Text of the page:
• Bristlecone Pine

    Great Basin

    National Park Nevada

Firearms Regulations


Know the Rules Before You Visit!
It is your responsibility to be familiar with all firearm regulations before entering Great Basin National Park.

As of February 22, 2010, a new federal law allows people who can legally possess firearms under applicable federal, state, and local laws, to legally possess firearms in Great Basin National Park.

It is the responsibility of visitors to understand and comply with all applicable state, local, and federal firearms laws before entering this park. As a starting point, please visit the following State of Nevada websites concerning the ability to carry concealed weapons:

Federal law also prohibits firearms in certain facilities in this park (see below); those places are marked with signs at all public entrances. This includes, but is not limited to; visitor centers, and government offices.

Nevada currently recognizes a CCW (concealed carry of a weapon) permit from 10 states. The states are Alaska, Arkansas, Kansas, Kentucky, Louisiana, Michigan, Missouri, Nebraska, New Mexico, North Carolina, Ohio, Tennessee, Rhode Island, South Carolina, and West Virginia. NOTE: NEVADA NO LONGER recognizes UTAH permits. This list is subject to change. Contact the Nevada Attorney General's office for the most current information and regulations.

 
What Changed?
Section 512 of the Credit Card Accountability Responsibility and Disclosure Act of 2009, P.L. 111-24, 123 Stat. 1764-65, allows persons to possess firearms while in units of the National Park and National Wildlife Refuge Systems if they are in compliance with applicable federal and state law. Specifically, Section 512(b) states:
The Secretary of the Interior shall not promulgate or enforce any regulation that prohibits an individual from possessing a firearm including an assembled or functional firearm in any unit of the National Park System or the National Wildlife Refuge System if--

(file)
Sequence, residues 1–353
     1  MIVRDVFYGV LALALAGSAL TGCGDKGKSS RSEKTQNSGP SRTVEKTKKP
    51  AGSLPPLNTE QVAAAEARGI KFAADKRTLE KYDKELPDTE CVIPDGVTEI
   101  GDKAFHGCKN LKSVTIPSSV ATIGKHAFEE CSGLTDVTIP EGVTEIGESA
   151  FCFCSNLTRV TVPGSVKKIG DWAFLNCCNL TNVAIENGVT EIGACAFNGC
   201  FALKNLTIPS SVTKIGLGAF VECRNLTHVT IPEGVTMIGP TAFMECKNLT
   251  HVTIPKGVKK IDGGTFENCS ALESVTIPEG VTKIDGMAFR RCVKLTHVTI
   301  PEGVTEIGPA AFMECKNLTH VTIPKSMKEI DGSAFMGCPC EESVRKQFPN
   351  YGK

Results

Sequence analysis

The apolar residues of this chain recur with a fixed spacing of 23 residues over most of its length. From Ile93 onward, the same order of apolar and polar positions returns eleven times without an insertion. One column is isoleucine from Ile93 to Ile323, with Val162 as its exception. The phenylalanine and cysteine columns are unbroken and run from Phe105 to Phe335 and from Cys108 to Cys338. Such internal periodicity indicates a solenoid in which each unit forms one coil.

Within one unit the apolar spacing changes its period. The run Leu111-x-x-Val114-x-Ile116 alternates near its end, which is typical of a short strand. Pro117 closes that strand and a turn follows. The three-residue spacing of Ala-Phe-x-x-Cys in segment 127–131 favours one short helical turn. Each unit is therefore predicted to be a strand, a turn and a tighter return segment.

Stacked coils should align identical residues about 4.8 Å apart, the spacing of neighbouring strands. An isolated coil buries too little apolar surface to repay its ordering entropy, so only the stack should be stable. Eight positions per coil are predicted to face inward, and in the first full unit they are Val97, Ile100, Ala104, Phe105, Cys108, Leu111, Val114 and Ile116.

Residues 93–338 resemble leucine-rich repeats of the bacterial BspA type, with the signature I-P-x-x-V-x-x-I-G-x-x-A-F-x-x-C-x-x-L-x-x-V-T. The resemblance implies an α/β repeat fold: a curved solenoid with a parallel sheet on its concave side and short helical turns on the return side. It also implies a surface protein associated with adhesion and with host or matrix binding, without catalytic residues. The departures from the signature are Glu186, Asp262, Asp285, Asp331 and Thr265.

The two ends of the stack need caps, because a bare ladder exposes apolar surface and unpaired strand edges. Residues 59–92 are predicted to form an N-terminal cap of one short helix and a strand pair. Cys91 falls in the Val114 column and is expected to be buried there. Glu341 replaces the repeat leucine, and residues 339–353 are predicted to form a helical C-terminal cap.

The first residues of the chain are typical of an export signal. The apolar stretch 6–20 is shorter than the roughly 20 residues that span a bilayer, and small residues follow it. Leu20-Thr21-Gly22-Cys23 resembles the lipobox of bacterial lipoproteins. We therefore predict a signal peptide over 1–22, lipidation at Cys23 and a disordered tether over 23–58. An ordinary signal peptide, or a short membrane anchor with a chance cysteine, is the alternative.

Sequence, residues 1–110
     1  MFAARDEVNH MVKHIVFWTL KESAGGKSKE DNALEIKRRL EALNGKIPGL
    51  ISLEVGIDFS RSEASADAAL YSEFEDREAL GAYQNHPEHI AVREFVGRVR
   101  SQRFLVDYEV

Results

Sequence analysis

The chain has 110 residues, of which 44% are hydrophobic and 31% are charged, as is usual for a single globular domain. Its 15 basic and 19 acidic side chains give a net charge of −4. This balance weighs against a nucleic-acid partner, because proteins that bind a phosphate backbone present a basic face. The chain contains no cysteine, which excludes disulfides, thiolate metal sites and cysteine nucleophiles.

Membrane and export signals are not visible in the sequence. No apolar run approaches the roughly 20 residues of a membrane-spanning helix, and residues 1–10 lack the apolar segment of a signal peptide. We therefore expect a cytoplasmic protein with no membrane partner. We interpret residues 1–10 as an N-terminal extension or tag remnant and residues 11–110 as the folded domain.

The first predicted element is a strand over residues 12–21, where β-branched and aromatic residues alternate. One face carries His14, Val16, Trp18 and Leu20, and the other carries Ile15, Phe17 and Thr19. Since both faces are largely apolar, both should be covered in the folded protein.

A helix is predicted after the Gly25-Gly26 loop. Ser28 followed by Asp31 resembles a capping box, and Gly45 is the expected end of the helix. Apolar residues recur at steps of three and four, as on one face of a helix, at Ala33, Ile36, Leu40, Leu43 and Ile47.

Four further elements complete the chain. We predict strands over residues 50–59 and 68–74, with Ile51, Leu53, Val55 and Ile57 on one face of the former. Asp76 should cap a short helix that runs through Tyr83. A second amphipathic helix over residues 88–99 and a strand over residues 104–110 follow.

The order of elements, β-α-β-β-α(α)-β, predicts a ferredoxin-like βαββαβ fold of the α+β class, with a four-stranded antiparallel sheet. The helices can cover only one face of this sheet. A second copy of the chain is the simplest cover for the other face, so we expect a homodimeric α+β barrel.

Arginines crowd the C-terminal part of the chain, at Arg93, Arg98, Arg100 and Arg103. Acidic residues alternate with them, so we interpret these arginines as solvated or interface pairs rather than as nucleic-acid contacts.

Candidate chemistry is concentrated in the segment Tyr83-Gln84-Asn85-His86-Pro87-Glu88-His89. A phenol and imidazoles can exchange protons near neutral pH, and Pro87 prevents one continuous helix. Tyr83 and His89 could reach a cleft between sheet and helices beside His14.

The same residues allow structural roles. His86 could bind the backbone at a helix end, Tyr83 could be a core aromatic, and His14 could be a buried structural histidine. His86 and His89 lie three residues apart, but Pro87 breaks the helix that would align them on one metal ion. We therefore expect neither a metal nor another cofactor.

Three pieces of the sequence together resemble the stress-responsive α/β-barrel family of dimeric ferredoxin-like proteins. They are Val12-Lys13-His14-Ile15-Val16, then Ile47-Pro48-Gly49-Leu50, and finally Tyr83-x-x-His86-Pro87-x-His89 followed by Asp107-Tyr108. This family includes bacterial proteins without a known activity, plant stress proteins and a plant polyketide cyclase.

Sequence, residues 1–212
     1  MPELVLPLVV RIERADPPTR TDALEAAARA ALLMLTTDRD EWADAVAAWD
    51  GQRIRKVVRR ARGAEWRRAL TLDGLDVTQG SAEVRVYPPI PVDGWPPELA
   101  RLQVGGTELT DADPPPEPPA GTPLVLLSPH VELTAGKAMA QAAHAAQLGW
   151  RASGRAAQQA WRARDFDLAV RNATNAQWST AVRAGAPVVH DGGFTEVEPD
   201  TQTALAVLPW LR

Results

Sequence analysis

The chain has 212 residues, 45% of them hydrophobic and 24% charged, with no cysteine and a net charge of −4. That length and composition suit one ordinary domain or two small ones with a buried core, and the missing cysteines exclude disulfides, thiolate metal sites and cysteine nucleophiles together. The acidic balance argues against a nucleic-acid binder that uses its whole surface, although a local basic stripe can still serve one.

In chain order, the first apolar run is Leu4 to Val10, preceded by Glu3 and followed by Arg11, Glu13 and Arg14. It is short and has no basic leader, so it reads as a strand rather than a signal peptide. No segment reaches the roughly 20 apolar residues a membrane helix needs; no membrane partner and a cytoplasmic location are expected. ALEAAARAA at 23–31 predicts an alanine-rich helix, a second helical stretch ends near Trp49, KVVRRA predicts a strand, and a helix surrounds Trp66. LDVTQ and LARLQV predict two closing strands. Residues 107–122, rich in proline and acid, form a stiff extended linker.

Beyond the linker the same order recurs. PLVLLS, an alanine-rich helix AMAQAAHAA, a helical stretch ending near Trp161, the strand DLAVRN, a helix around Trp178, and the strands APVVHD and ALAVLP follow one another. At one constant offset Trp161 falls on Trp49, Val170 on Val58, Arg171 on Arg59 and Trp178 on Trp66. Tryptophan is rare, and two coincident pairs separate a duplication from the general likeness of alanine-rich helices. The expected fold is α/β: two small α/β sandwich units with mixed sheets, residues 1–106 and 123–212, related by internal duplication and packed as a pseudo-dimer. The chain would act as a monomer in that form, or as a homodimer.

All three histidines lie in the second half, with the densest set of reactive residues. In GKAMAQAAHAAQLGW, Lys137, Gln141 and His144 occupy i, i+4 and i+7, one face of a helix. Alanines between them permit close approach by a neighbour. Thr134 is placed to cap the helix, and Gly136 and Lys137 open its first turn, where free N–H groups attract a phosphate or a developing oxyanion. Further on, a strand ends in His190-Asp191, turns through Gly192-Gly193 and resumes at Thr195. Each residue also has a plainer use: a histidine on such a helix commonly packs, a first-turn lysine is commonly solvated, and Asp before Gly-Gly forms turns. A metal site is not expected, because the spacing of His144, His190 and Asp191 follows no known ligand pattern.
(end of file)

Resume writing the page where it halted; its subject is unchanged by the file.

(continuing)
(1) the individual is not otherwise prohibited by law from possessing the firearm; and
(2) the possession of the firearm is in compliance with the law of the State in which the unit of the National Park System or the National Wildlife Refuge System is located.

Section 512 becomes effective on February 22, 2010. Section 512 affects implementation of the existing NPS regulations regarding the possession of firearms in national parks, by now allowing individuals to possess firearms if
(1) they are not otherwise prohibited by law from possessing the firearm and
(2) such possession is in compliance with the law of the state in which the park unit or that portion of the unit is located.
Section 512 applies to possession of firearms within the National Park System regardless of the jurisdictional status of the unit—exclusive, concurrent or proprietary.
 

Within the park, the following buildings are designated as "federal facilities" and firearms are prohibited within:

Lehman Cave
Great Basin Visitor's Center
Lehman Caves Visitor's Center
Café and Gift Shop
Lower Resource Management Offices
Great Basin Wildland Fire Engine Bay
Great Basin Wildland Fire Cache Buildings
Great Basin Maintenance Complex Buildings
Protection Offices
Structural Fire Engine Bay
SAR Cache/Fitness Center
Upper Resource Management Offices
Great Basin Administrative Offices

 
For More Information
Frequently Asked Questions about National Parks and Firearms

For information regarding the relevant Nevada State firearms regulations, contact the State's Attorney General's Office.
(775) 684-1100
http://ag.state.nv.us

For information regarding the enforcement of firearms possession in Great Basin National Park, contact the Chief Law Enforcement Ranger.
(775) 234-7580
Tammie Henderson

Did You Know?

Osceola ghost town

White Pine County, home to Great Basin National Park, lays claim to some of the most famous ghost towns in Nevada: Hamilton (the former county seat), Osceola (where the largest gold nugget in the state was found) and Cherry Creek.